All aboard! Nothing quite makes for a better story than taking the night train through Central-Eastern Europe. In order to save time and get a cheap fare, I took the 22:25 train from Budapest, Hungary, to Belgrade, Serbia. While this wasn’t the first time I’d traveled by night train in this part of the world (I had gone from Krakow, Poland, to Prague, Czech Republic two years earlier), this train journey was definitely an experience!
On this trip I was traveling with my boyfriend, and we had booked a 4 person couchette—so we’d be sharing a compartment with two other people. We were assigned the two top bunk beds, and cramped was an understatement as to how little room we had! (I also felt like I was going to fall off for the first 15 minutes. After that, I got used to it and it was fine.)
Before departure, I was really nervous about who our travel companions would be. When I traveled by night train previously, I had been traveling solo and ended up sharing a compartment with a Japanese guy who seemed very nice (but didn’t speak much English). I was apprehensive about who we’d be sharing the compartment with—and whether or not I’d have to sleep with one eye open to be sure no one stole my stuff. Lucky for us, it was a pair of friendly Russians who brought booze to share! The journey saw lots of laughs, drinks, and struggles brushing up on my (increasingly poor) Russian skills.
The train journey had two different border checks, where the conductor and customs officials came to our compartment, turned on the lights, and checked our passports. The first was at 1:00am, as we were leaving the Schengen zone. The second was at 2:30am when we arrived in Subotica (Суботица) in Serbia. We were woken up about 10 minutes before arriving into Belgrade (Београд), about 6:00am. If you’re expecting a great night of sleep, don’t plan on this journey!
The train itself is a bit rough around the edges. As my new Russian friend said, “we saw the train and said—we need to drink.” Truer words have never been spoken.
The train isn’t modern and doesn’t come with any frills (although clean sheets were provided). I would avoid using the bathroom if possible—besides the fact that the door didn’t lock, there was no toilet paper, water, or soap. So it was basically just a toilet bowl in the ground—use with caution. (Or get a little drunk first so it doesn’t seem as bad…)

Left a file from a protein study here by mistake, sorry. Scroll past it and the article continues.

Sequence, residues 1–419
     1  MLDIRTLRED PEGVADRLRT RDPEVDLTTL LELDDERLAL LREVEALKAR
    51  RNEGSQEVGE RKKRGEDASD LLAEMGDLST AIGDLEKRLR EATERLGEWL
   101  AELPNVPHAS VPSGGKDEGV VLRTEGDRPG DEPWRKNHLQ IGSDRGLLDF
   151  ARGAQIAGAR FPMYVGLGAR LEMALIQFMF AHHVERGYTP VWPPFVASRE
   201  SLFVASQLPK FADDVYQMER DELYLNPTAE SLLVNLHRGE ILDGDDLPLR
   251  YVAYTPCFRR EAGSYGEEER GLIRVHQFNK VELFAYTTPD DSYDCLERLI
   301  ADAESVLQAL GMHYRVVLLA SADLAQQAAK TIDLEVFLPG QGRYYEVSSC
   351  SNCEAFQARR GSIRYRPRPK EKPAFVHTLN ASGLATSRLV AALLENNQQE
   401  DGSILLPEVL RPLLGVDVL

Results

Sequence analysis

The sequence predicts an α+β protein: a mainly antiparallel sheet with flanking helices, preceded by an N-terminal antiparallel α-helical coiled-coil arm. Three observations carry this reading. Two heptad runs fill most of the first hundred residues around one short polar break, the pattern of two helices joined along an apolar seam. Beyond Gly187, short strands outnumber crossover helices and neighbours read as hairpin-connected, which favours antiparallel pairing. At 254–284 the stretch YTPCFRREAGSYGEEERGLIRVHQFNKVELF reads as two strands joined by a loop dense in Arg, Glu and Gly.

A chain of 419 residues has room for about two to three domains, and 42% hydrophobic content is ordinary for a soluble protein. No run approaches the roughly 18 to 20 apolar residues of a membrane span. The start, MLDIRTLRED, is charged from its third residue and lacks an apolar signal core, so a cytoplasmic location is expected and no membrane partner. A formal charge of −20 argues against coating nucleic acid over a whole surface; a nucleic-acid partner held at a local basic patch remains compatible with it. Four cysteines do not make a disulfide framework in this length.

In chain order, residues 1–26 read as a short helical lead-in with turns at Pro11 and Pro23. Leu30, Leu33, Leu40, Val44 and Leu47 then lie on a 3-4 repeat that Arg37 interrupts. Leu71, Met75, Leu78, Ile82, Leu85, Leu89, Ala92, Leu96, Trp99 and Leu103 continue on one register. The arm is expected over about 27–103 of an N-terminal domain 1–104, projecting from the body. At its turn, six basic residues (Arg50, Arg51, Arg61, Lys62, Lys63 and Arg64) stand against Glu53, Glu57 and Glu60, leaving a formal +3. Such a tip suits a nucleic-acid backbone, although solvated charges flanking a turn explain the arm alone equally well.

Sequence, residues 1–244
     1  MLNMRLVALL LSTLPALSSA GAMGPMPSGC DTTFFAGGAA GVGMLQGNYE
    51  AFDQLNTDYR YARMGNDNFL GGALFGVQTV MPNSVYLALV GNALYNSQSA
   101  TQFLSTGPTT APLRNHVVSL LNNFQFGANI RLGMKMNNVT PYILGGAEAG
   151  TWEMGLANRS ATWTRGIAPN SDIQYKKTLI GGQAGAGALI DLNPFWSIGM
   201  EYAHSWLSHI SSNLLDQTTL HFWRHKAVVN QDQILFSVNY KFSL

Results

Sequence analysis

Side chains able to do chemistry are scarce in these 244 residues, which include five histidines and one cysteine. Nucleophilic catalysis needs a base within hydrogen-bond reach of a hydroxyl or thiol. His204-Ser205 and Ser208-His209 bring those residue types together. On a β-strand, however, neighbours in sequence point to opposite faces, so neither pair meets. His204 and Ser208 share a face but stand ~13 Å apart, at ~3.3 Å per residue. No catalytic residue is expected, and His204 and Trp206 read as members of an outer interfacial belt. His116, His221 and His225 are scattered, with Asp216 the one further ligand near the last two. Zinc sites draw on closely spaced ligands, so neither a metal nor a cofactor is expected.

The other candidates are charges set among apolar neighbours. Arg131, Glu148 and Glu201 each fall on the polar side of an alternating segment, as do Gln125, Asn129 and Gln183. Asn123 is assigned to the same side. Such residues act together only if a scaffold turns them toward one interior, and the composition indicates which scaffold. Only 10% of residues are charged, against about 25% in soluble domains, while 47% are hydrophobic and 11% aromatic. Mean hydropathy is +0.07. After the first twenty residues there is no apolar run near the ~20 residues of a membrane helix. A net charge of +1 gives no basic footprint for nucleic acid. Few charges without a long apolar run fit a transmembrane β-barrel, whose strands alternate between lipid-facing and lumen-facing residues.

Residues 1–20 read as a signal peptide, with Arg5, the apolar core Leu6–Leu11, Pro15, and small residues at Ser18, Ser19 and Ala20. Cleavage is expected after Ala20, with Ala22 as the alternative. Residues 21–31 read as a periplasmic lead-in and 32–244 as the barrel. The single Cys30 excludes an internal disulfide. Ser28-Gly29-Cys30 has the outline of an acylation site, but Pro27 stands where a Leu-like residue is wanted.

Basic Information: The ticket price was 15€. The seat reservation (for a 4-person couchette) was 10€. You can buy tickets online, and can then pick them up at the Budapest-Keleti train station (from one of the ticket machines). The journey lasted just about 8 hours, for the most part on time with the schedule: leaving at 22:25 and arriving at 6:21 the next morning.
Tips: Keep your luggage stored (up and away if you’re on the top bunk), and the door closed and locked at all times to ensure your stuff is safe. Don’t open the door to anyone besides the conductor/immigration officers. You can also sleep with your valuables and/or use your backpack or luggage as a pillow. If you’re worried about theft, bring a padlock and lock your luggage to the train. If you’re a light sleeper, an eyemask and earplugs will go a long way! You should also have your passport in an accessible place to make the border checks a bit easier. And to be honest, you might want to bring some alcohol to take the edge off… and it’s a surefire way to make new friends!
It’s not everyday that you take the night train to Serbia and stay up drinking with some Russians! Despite the gross bathroom and being woken up twice for border checks, overall I felt the Budapest-Belgrade night train to be reasonably secure (although maybe I would have felt differently if I was going solo), and a good way to save time and money. It was definitely an experience I won’t forget!
Have you ever taken a night train?! I’d love to hear your experiences!